Are you really a Philadelphian if you haven’t been frustrated by the public transportation here at some point in your life? The Southeastern Pennsylvania Transportation Authority, or SEPTA, services Pennsylvanians through the region with 5 different methods of transportation. 5 different methods of transportation and 1 big problem. Not only are the routes, schedules, and trains themselves in need of an upgrade, but it’s also difficult to navigate the site and mobile application. So, I’ve proposed a list of different improvements, as a user, I would love to see implemented at SEPTA.
UX Design doesn’t just start with digital. Everything around us is an experience. We could start by examining how SEPTA could implement human-centered design into their trains. Let’s think of some pain points for your SEPTA rider (both frequent and infrequent). For infrequent riders, the option to buy tickets on the train using a credit card or your phone would speed up the process and provide convenience for a digitally-innovative future. By using this tactic, SEPTA can also have access to users’ data to provide more accurate schedules and anticipate heavier rushes. Even planning future routes.
Another way human-centered design could lead to a better user experience and help SEPTA become more inclusive would be to implement more real-time screens on every mode of transportation. Implementing these designs in every aspect of SEPTA’s business could help deaf or hard of hearing people. Providing a real-time map that shows the next stop or destination would eliminate a massive pain point for a lot of users.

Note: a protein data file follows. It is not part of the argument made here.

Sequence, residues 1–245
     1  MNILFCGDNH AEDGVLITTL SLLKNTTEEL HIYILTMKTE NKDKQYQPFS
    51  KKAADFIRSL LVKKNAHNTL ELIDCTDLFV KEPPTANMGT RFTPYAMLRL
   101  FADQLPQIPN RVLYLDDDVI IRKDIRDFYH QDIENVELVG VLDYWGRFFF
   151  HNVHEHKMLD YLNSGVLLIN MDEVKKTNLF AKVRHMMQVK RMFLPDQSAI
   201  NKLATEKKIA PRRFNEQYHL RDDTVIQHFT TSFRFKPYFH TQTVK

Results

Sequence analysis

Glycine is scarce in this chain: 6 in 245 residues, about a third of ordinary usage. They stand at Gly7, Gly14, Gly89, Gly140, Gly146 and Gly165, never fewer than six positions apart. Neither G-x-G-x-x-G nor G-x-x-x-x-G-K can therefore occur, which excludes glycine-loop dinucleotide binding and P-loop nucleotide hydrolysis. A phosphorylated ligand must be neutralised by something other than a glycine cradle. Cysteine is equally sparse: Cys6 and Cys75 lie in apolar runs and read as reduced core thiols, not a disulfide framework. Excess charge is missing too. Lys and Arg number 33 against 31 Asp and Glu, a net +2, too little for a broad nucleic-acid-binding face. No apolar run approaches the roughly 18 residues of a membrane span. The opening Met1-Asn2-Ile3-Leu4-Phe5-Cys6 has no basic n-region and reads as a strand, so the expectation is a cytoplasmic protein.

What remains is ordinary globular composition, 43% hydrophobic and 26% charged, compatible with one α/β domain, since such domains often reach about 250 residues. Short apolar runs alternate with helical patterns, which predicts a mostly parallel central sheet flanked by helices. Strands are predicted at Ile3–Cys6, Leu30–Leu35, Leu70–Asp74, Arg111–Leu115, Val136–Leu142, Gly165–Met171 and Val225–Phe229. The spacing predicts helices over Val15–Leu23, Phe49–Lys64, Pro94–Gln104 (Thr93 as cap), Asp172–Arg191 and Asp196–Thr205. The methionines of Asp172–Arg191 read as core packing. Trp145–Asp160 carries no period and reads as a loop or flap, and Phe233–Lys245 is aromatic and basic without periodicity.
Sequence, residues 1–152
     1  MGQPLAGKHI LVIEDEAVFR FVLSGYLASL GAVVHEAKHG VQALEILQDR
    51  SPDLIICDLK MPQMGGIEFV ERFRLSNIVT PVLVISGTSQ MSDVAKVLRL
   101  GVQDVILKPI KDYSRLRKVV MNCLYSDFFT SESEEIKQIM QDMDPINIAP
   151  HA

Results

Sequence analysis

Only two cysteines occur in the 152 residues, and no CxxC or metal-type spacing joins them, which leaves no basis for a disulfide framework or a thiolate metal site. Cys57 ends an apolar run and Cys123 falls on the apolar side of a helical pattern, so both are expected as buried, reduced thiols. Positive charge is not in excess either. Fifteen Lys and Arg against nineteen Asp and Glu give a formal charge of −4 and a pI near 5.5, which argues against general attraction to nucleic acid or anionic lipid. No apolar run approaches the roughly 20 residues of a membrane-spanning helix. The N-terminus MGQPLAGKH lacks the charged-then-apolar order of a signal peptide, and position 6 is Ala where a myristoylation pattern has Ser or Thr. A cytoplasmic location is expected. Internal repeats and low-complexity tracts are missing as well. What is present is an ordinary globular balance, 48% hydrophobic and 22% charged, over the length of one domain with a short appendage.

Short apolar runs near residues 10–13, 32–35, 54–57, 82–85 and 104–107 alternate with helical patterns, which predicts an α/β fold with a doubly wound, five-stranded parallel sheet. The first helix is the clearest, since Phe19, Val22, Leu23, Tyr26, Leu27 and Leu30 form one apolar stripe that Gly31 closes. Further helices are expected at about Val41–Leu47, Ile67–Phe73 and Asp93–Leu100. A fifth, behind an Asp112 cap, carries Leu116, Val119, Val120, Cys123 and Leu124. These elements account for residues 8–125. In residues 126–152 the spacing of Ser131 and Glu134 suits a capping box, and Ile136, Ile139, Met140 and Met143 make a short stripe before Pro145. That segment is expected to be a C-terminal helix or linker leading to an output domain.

Now we can get into the nitty gritty of SEPTA’s digital presence. The mobile app has been examined and BETA tested from the moment it debuted. A few pain points I recognize as both a user and a digital marketer are more to do with design and functionality. You’ll see here in this screenshot the important features for the app are hiding in a sliding
tab. Utilizing one of Don Norman’s Design Principles, visibility; I would either change the icon to better indicate a sliding tab or group these features with the account tab at the top right. The function of more options to pay or reload your card isn’t immediately visible or known to the user.
Now don’t get me wrong, SEPTA has improved their app and site significantly since I first began using it. They’ve added the auto-reload and “Add to Travel wallet” functions to allow users to pay fares quicker. (of course, the reload still may take up to 24 hours to process).
They have, also, begun BETA testing for a “Preferred method of travel” option (bus, train, subway, trolley). This was originally going to live in my mobile app corrections section. However, after combing through it, I found what I was looking for. SEPTA was way ahead of me.
Photo compliments of WHYY.org
Sasko, Claire. “You Can Now Use the SEPTA App to Add Money to Your Key Card.” Philadelphia Magazine, Philadelphia Magazine, 14 Aug. 2019, https://www.phillymag.com/news/2019/08/14/septa-app-key-card-phone/
Source: Preece, J., Rogers, Y., Sharp, H. (2002), Interaction Design: Beyond Human-Computer Interaction, New York: Wiley, p.21